While still living in Denver, I spent a year looking for work in Albuquerque. My efforts yielded just two job interviews. The first occurred at a heavy equipment dealership―the kind of machinery that levels mountains and carves valleys. Had the dealership offered me a job, I would have gladly taken it. Then I learned of the opening at the lumber company. I interviewed there, and, after some dithering, Carlos offered me the position.
That the job was in the “forest products” business made no difference to me. My job history included being a cog in a wheel that leveled trees and ripped open the earth in order to expand residential development in Breckenridge, Colorado; that gutted a mountain on Colorado’s Fremont Pass for molybdenum; and that punched holes in the floor of the Gulf of Mexico for petroleum. “Forest products” was just another industry to me. I’d never seen the aftermath of a “clear cut”: the horrid felling of every single tree on a vast acreage for lumber. I thought trees in the southern Rockies grew as fast as their cousins in, say, the Pacific Northwest. And I’d never heard of an “old-growth forest,” which Wikipedia defines as “a forest that has attained great age without significant [human] disturbance” and is thus a strongbox of nature’s original “blueprint.” My goal now was financial security in my new home and advancement in the data processing field.
Regardless, my new love and my new life in New Mexico, as well as my natural curiosity, were beginning to expand my view of the world. As a result, I was gradually developing an environmental conscience. Fueling this moral reckoning were the almost sacred joy I experienced in my hikes and backpacks into the pristine forests and deserts of the Southwest; my broader consideration of the writings of Edward Abbey―beyond the romance, plant identification, and wilderness escapades and into his polemics about America’s lust for natural resources and “growth for the sake of growth”; and simply a greater awareness of regional and national environmental issues and activism being addressed on television and in Albuquerque’s daily newspapers. Such a conscience was making me increasingly uneasy at the lumber company.
For years while living in Denver, I noticed a little sign in the second-floor window of what I assumed was an office of some kind overlooking Colfax Avenue in the city’s Capitol Hill district. The sign read “Sierra Club.” I was intrigued by that name, although I had no idea to what it referred.
When, in New Mexico, I became a regular backpacker, I purchased at an independent bookstore Words for the Wild: The Sierra Club Trailside Reader. Pocket-sized, the book fit easily into my backpack and pants pockets and kept me occupied in my tent during those hours in the mountains and deserts after sundown or during a rainfall. Published just a year prior to my arrival in New Mexico, the book was an anthology of “nature writing.” It included an essay on the Colorado Plateau by Abbey, reacquainted me with the words of Thoreau and Emerson I’d first read at Hobart, and introduced me to such authors as John Muir, Aldo Leopold, John Graves, Wallace Stegner, and Colin Fletcher. Its copyright page informed me that the “Sierra Club . . . has devoted itself to the study and protection of the earth’s scenic and ecological resources―mountains, wetlands, woodlands, wild shores and rivers, deserts and plains”―all of which sounded interesting and worthwhile to me. So I checked the phone book and discovered that there was a chapter of this “Sierra Club” in Albuquerque. After attending one meeting at the chapter’s office in a modest storefront, I joined.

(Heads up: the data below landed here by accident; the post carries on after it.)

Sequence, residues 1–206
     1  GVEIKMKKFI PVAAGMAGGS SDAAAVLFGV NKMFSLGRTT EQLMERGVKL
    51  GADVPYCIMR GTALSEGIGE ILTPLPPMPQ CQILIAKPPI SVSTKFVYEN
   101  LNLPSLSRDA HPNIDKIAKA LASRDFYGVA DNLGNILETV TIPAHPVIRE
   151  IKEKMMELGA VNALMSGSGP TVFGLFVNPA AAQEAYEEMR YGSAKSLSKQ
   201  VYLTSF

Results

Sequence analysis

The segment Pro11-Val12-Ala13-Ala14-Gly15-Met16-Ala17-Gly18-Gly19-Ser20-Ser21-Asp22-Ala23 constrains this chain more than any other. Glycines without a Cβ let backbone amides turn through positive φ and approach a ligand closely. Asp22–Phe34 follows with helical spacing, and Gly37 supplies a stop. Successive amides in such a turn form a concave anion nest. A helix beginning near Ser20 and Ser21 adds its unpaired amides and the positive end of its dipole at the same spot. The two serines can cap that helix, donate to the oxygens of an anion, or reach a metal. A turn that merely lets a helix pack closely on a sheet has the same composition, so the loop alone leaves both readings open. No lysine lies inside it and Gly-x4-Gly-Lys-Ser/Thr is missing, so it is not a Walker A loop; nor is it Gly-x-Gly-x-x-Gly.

At the time I joined, the dominant topic of conversation at the club’s meetings was the efforts by a broad spectrum of Albuquerque conservationists to transition Petroglyph State Park, at the western edge of the city, to a federally-managed “national monument.” Linda and I had visited the state park a number of times after re-uniting in New Mexico, and I was all in favor of advocating for the loftier designation for the place and the additional protections that presumably went with it. The chapter also discussed cattle grazing on New Mexico’s public lands―that is, lands managed by the United States Forest Service and the Bureau of Land Management. This coincided with my broader reading of Abbey: he was fiercely opposed to grazing on public lands at all elevations. Grasslands denuded and riparian areas―watercourses that attract thirsty cattle―trampled and fouled with urine and manure were two of his reasons why. I, too, was starting to understand those reasons.
And then there were a couple topics, in the chapter’s regular discussions and in literature available at the office, that particularly grabbed my attention. The first was logging on the federal forests of the Rockies, the Sierras, the Pacific Northwest, and Alaska. Not surprisingly, the club was opposed to clear-cutting in these forests; yet it also had issues with selective logging―the felling of a tree here, a tree there―in the same. The second topic was specific to New Mexico and tied to the first: habitats for two New Mexico wild birds, the Mexican spotted owl and the goshawk. Before joining the Sierra Club, I was vaguely familiar with these two species as a result of participating with Linda in bird-watching expeditions in New Mexico’s Sandia and San Mateo Mountains. Logging in New Mexico, the club maintained, was threatening these habitats and thus had to be checked. I frankly found this hard to believe, given what I perceived to be the breathtaking vastness of New Mexico’s forests; however, if the Sierra Club affirmed it, I took it as gospel. As a result of all this, shame crept over me, and I tended to be distant at the chapter meetings, hoping none of my fellow members would inquire about what I did for a living.